NUWC on leading edge of combat

KEYPORT — It’s not often that airmen, sailors and soldiers have the opportunity to participate in live-fire exercises demonstrating the full arsenal that each brings to the field of combat.

However, the Naval Undersea Warfare Center at Keyport is doing its part to give officers and enlisted personnel that capability in a simulated environment.

“We have a responsibility in training that makes us adapt to new environments,” explained Reid Johnson, who leads the Collaborative Test and Evaluation Center at Keyport.

The facility can be linked to the Army’s battlefield simulation center at Fort Lewis, which is also coupled with nearby McChord Air Force Base, to give participants the full battlefield scenario that includes combat air support, Tomahawk cruise missiles, Humvees, tanks and numerous other combat-related components.

“The idea is by bringing in people locally we can define what kind of exercise they want,” Johnson said.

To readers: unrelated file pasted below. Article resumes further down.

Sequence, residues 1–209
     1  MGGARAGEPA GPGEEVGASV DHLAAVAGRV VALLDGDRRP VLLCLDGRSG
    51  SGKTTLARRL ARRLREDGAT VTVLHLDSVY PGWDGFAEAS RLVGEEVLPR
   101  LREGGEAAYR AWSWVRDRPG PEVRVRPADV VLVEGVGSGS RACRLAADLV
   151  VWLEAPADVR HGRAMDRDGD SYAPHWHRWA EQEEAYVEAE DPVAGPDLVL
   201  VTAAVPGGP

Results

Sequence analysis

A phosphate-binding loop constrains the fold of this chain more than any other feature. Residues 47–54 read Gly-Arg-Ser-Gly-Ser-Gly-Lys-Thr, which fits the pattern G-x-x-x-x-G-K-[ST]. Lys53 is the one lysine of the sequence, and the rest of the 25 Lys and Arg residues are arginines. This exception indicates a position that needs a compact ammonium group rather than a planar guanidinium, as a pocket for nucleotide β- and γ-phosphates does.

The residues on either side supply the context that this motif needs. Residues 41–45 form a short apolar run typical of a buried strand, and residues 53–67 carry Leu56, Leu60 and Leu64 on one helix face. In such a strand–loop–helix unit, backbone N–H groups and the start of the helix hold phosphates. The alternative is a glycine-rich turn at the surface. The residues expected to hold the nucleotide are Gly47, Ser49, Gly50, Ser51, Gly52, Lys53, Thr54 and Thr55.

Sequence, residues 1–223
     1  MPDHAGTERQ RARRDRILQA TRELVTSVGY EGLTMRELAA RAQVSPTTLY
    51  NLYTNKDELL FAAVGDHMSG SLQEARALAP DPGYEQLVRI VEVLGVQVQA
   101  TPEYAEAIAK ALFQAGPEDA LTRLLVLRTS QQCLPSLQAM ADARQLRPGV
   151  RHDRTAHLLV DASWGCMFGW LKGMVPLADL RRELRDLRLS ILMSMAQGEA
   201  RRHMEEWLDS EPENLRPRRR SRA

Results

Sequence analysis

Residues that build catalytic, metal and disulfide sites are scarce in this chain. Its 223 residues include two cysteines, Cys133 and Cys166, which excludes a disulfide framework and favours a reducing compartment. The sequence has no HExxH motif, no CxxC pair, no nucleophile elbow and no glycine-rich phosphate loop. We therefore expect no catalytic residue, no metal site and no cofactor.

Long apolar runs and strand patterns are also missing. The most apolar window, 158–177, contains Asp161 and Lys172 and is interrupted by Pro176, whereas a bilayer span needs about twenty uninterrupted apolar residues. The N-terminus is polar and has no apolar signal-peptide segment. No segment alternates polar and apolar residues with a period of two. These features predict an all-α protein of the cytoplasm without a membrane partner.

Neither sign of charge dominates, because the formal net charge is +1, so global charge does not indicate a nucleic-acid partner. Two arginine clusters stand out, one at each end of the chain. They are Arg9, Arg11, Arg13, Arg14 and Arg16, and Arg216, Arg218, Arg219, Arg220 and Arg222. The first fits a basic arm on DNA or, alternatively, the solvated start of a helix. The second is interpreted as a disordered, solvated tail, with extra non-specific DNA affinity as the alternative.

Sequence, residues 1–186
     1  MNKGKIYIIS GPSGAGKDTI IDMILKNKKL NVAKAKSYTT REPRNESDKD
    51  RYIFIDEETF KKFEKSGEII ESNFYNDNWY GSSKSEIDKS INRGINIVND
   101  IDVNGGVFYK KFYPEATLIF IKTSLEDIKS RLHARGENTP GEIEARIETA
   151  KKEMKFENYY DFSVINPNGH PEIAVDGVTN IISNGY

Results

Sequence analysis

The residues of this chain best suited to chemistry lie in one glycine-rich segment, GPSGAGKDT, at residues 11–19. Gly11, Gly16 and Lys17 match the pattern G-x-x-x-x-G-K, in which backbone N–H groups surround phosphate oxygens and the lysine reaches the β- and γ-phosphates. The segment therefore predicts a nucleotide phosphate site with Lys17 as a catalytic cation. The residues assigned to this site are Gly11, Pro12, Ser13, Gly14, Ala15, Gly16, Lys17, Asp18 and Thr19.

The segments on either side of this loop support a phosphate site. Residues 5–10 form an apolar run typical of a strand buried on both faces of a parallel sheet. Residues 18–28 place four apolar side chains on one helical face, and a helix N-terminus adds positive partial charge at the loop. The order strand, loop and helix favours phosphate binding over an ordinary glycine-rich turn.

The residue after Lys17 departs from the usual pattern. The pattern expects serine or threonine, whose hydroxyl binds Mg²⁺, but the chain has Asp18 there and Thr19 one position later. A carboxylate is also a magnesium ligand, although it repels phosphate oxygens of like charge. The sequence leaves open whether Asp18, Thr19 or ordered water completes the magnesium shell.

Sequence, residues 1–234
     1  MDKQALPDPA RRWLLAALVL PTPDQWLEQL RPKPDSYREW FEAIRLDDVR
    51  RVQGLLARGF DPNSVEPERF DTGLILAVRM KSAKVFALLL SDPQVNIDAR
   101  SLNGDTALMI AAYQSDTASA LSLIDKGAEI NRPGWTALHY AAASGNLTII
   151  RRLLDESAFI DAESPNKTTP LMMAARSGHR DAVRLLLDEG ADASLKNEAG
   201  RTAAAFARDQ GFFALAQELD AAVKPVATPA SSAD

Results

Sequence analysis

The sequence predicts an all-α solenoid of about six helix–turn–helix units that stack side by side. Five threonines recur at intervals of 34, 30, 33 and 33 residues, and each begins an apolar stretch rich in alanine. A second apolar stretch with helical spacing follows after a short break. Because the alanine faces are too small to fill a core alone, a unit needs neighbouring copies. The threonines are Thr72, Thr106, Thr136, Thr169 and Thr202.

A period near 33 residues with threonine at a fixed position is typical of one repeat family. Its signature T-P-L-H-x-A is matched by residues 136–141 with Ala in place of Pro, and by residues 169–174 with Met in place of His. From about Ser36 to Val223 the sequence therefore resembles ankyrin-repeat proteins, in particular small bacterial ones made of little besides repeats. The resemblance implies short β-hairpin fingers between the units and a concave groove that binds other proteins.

Once the combat scenario is selected, all of the information is loaded into the system and participants will only see what they would see in a real-world situation, he said.

“We can redirect what goes on and we can easily go back and see what happened,” he remarked, noting that participants can stop the action at any point and review their performances instead of having to wait until the end of the exercise.

That capability allows leaders to maximize the training exercise and talk with analysts about areas for improvement, Johnson said.

With the new CTEC building scheduled to open by January 2006, all of the elements involved will be closer together, he explained, adding that the new building will enhance the overall training experience and help leaders better achieve their set goals for the exercise.

“We’re all trying to get on the same sheet of music because we all have the same goal of training together,” he said.

By learning how to talk across the different service branches, Johnson hopes those lessons will translate into improved communication in combat situations.

“We’re hoping that lessons learned here will be lessons they don’t have to learn on the actual battlefield,” he said.

For Capt. Daniel Looney, who commands the Naval Undersea Warfare Center Division Keyport, the CTEC is one component of the overall diversity of the center.

“It’s really about readiness for the fleet,” Capt. Looney said.

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